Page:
Events and talks at the London Society in 2023 have included a diverse range of topics from a tour of a Hindu temple to watching the air ambulance take off from the rooftop of the Royal London Hospital. We look back at all that’s been happening at the society, enjoyed by our members - and also our new members.
Our debate zeroed in on a controversial topic. The boundary of Greater London was established in 1965. Has it gone way out of date? Should it be enlarged to take the Home Counties, which are already full of London workers? Would a Greater, Greater London, with it more powers for the Mayor over more territory, strengthen the economy of South East England as a whole and make it easier to solve big problems with transport, housing and poverty?
The London Society launched a new podcast series, called London Explained. In each episode we will focus on a different area within the capital and explore its past, present and future. Our city is constantly undergoing many changes and nothing stays frozen forever.
In the first episode of this new series, Dave Hill explored the history of Earls Court, alongside the upcoming regeneration plans for the 40 acre site.
Watch out for our next one, which is coming very soon…
Our book launch at Arbor, Bankside Yards was attended by many of the contributors to London of the Future, who gave their insights into what the capital could or should be like for the generations to come.
London of the Future addresses many important questions in its chapters: How will we need to adapt to climate change? Will we become a techno-utopia, with Londoners’ lives in perfect harmony with artificial intelligence? How do we achieve a London that is fair and equitable for everyone?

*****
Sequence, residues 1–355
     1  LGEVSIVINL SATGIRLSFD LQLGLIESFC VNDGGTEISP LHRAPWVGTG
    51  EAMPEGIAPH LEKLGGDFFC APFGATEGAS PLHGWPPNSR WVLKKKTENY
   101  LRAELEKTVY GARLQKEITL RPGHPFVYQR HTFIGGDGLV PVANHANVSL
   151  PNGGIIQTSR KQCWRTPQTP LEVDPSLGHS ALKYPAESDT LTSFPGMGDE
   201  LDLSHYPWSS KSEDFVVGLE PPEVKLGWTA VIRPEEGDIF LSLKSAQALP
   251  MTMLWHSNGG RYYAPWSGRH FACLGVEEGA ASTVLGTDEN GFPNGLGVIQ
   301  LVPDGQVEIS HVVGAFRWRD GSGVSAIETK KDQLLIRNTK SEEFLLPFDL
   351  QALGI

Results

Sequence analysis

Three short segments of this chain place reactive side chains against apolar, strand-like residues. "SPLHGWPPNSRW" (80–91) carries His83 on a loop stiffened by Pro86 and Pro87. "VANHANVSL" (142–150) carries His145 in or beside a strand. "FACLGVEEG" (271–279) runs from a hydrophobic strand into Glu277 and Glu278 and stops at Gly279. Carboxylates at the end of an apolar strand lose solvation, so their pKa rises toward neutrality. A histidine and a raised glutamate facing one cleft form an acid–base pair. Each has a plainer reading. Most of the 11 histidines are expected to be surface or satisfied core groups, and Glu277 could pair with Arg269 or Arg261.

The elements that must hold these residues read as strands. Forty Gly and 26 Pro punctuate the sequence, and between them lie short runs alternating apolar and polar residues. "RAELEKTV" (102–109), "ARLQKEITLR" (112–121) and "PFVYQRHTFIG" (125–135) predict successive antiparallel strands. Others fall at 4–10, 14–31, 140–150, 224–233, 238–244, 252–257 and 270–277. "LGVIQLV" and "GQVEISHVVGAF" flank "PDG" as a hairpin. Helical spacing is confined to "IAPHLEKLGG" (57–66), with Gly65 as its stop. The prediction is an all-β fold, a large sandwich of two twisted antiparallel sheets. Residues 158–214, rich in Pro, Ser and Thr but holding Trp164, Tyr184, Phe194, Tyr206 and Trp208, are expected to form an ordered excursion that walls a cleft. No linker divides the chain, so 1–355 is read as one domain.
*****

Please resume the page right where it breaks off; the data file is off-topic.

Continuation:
In the book London of the Future, Carolyn Steel’s chapter focuses on bringing back the value of growing food in the city, arguing it has huge potential.
“We need to rediscover food; after all, public life is in the taverns and pubs and the markets,” she says.
Food is a shared necessity — but also a shared way of thinking, argues the architect and thinker on food and cities. Looking at food networks offers an unusual and illuminating way to explore how cities evolved.
London Society trustee Dave Hill was on a tour with society members at the London College of Fashion, led by Alex Wraight, a partner of Allies & Morrison, the architecture firm that designed it.
On the banks of the Waterworks River, the London 2012 Olympic Park legacy continues to unfold.
Clare Delmar, London Society trustee, chaired a panel discussion with commercial, community and political leaders representing interests in medicine, property development, disability, transport, building, public health and ageing. Londoners want to listen, learn and mobilise to improve the provision of public toilets.
Public toilets underpin public health, and without our health, we have nothing.
London’s Air Ambulance has been saving lives in London since 1989, and has been at some of the most horrific incidents in the capital. The unmistakable red helicopter that so many of us have seen flying overhead was present at the Grenfell fire disaster, the terror attacks at Westminster, and at Fishmongers’ Hall in London Bridge, where two people were fatally injured.
On a sweltering summer’s evening, Professor Kevin Fenton, public health director for London, gave an impassioned talk at NLA’s new home at the London Centre, just a stone’s throw from the Guildhall.
Fenton’s topic, close to his heart was on creating a healthier and fairer London. Professor Kevin Fenton, London’s Director of Public Health and Sadiq Khan’s health adviser, will be giving a London Society lecture on creating a healthier and fairer London.
Fenton tackled the capital’s public health challenges, focusing on health inequalities and how poorer Londoners are susceptible to chronic conditions such as heart disease, diabetes and cancer.
Our members visited Neasden Temple, or to give its formal name, BAPS Shri Swaminarayan Mandir. It’s a masterpiece of traditional Hindu design and exquisite workmanship.
Since its opening in 1995, the temple has so far welcomed more than 10.5 million worshippers and visitors from over 120 nations of all faiths and backgrounds.
It has become an internationally acclaimed place of worship, learning and celebration, serving also as an integral part of the religious landscape of Britain and the local community.